Foreign investors have pulled funds out of emerging markets for five straight months in the longest streak of withdrawals on record, highlighting how recession fears and rising interest rates are shaking developing economies.
Cross-border outflows by international investors in EM stocks and domestic bonds reached $10.5bn this month according to provisional data compiled by the Institute of International Finance. That took outflows over the past five months to more than $38bn — the longest period of net outflows since records began in 2005.
The outflows risk exacerbating a mounting financial crisis across developing economies. In the past three months Sri Lanka has defaulted on its sovereign debt and Bangladesh and Pakistan have both approached the IMF for help. A growing number of other issuers across emerging markets are also at risk, investors fear.
Many low and middle-income developing countries are suffering from depreciating currencies and rising borrowing costs, driven by rate rises by the US Federal Reserve and fears of recession in major advanced economies. The US this week recorded its second consecutive quarterly output contraction.
“EM has had a really, really crazy rollercoaster year,” said Karthik Sankaran, senior strategist at Corpay.
Investors have also pulled $30bn so far this year from EM foreign currency bond funds, which invest in bonds issued on capital markets in advanced economies, according to data from JPMorgan.
The foreign currency bonds of at least 20 frontier and emerging markets are trading at yields of more than 10 percentage points above those of comparable US Treasury bonds, according to JPMorgan data collated by the Financial Times. Spreads at such high levels are often seen as an indicator of severe financial stress and default risk.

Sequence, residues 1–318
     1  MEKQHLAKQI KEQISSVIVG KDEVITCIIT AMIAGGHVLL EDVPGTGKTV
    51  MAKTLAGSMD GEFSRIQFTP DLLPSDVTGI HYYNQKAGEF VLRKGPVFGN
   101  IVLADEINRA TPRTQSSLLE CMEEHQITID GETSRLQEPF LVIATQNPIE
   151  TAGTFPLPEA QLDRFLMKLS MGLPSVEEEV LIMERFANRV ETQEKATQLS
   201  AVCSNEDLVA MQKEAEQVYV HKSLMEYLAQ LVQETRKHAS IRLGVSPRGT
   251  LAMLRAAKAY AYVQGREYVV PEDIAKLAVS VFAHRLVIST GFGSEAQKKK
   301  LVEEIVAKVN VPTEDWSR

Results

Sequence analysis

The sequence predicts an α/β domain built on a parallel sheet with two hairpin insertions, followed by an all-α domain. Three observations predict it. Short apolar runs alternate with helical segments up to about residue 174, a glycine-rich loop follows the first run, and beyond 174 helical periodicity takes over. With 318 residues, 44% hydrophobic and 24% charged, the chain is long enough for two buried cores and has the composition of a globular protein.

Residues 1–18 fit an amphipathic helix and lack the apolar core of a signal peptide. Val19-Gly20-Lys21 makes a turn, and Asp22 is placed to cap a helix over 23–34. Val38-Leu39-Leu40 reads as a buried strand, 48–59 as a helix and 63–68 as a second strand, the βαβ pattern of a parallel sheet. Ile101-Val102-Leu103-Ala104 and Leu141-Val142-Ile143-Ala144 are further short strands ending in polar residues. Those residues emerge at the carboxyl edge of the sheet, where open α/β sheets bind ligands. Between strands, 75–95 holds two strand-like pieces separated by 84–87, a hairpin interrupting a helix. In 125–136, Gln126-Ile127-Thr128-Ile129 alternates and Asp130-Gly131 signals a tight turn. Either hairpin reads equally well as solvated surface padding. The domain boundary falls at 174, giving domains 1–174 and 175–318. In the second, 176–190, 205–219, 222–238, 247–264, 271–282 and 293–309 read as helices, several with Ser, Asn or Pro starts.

It marks a sharp reversal of sentiment from late 2021 and early 2022 when many investors expected emerging economies to recover strongly from the pandemic. As late as April this year, currencies and other assets in commodity exporting EMs such as Brazil and Colombia performed well on the back of rising prices for oil and other raw materials following Russia’s invasion of Ukraine.
But fears of global recession and inflation, aggressive rises in US interest rates and a slowdown in Chinese economic growth have left many investors trenching from EM assets.
Jonathan Fortun Vargas, economist at the IIF, said that cross-border withdrawals had been unusually widespread across emerging markets; in previous episodes, outflows from one region have been partially balanced by inflows to another.
“This time, sentiment is generalized on the downside,” he said.
Analysts also warned that, unlike previous episodes, there was little immediate prospect of global conditions turning in EM’s favour.
“The Fed’s position seems to be very different from that in previous cycles,” said Adam Wolfe, EM economist at Absolute Strategy Research. “It is more willing to risk a US recession and to risk destabilizing financial markets in order to bring inflation down.”